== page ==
Organizational IQ defines control system integration business

There is no one-size-fits-all definition for control system integrators. The key to finding a corporate identity comes from within the organization itself.

Stephen Blank, CEO, Loman Control Systems, Inc.
Stephen Blank, CEO, Loman Control Systems, Inc.

As control system integrators, we belong to a very unique niche in the business of automation. Some CSIs are exclusively engineering firms providing design and programming of control systems. Some CSIs have panel shops. Some have electricians on staff to do field installations. Most are some combination of the above.

Evidence of the uniqueness of our field can be seen often on the CSIA’s Connected Community, an open forum on the Control System Integrators Association website where members can ask questions, express ideas, etc. It seems like, at least once a year or more, a member will post a question asking other members, “What is the recommended North American Industry Classification System (NAICS) code for our industry?”

The NAICS is one way that the U.S. government has established to classify industries and the products and services that they provide. Once the question is asked, the CSIA and their members, respond with suggestions that might fit or might come close, but let’s face it—even the leading association for our industry never really nails it. That’s not the CSIA’s fault; we are hard to define.

Given the fact that we system integrators are difficult to define and cannot even define ourselves, we should realize the value of our organizational knowledge. What is “organizational knowledge?” While various authors disagree on the exact meaning of the term, it is generally defined as the knowledge that an organization has developed as a collective body and individually through individuals within the organization. When you add up all of the years of experience that your employees have and all of the experience that you have developed as a company, what is this worth and how does it define your organization? Why is this important? Because you can’t buy it anywhere.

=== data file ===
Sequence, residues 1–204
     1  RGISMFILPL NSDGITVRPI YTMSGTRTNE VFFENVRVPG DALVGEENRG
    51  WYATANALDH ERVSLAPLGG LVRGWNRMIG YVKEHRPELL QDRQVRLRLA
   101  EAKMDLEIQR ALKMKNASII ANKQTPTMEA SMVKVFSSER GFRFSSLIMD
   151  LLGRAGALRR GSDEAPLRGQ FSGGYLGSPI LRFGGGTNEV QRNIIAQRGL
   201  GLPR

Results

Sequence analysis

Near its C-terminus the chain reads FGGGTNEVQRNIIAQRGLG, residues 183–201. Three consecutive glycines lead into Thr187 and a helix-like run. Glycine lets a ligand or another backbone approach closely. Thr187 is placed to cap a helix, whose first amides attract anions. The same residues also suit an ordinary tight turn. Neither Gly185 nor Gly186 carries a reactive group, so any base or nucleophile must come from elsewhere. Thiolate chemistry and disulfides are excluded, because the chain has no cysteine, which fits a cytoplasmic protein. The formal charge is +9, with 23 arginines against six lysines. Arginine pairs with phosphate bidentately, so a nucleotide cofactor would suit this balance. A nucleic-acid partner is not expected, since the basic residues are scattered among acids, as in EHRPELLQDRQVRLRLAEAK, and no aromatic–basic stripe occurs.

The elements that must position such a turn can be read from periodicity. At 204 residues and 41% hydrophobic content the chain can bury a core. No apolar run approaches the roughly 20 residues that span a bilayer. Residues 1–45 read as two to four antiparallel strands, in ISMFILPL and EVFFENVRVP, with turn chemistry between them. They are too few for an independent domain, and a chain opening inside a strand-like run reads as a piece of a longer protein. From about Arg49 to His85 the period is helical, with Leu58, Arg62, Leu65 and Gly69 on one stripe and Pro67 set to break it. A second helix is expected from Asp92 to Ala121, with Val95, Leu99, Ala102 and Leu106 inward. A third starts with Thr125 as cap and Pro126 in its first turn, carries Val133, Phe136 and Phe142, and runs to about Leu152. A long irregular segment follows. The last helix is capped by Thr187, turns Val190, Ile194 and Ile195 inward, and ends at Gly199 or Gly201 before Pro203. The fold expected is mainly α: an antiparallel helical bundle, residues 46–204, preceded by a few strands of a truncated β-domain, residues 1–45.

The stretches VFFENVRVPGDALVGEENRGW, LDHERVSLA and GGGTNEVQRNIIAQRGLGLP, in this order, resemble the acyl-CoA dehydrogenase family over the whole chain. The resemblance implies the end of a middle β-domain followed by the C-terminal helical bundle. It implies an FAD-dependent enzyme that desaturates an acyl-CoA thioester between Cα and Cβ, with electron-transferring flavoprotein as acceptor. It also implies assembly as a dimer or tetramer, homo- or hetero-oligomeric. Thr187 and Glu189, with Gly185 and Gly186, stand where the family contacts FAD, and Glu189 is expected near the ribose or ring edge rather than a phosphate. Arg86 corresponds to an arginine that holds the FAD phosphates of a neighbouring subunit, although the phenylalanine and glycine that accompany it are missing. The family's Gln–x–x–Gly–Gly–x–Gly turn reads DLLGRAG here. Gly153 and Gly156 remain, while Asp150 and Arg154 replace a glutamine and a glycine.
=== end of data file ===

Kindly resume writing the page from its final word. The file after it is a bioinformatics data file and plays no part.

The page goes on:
How can you define, quantify and develop your organizational knowledge?

  • Determine how much it would cost you to replace your most knowledgeable employees. Not just their knowledge in “hard skills,” but your key and top employees also understand your business and your corporate culture. They understand what makes your company unique. Sit them down with the myriad NAICS codes that the industry comes up, and I would bet that your top employees can pick the top two codes that define what you do. These people are the backbone of your organizational knowledge. Without them your organizational IQ drops—a lot.
  • If you have been in business for any length of time, you have developed processes and procedures that help you do what you do efficiently and profitably. These processes probably have been developed through trial and lots of error. Your processes and procedures also constitute your organizational knowledge as these items are also what make you unique and have value. How much are these processes and procedures worth to you? Can you buy them? Can you survive without them? I doubt it.
  • Plan to develop your organizational knowledge. In your strategic planning, are you looking at those in your organization who are the most knowledgeable and valuable to the company? Are you planning on transitioning and capturing this knowledge for those that are not as seasoned?

Your organizational knowledge is valuable and makes you who you are. As Benjamin Franklin said, “An investment in knowledge pays the best interest.” Don’t forget to understand and invest in your organization’s knowledge.

Stephen Blank is chief executive officer of Loman Control Systems, Inc., www.lomancsi.com, a certified member of the Control System Integrators Association based in Lititz, Pa. He has a bachelor of fine arts degree and is an electrical engineer.

 

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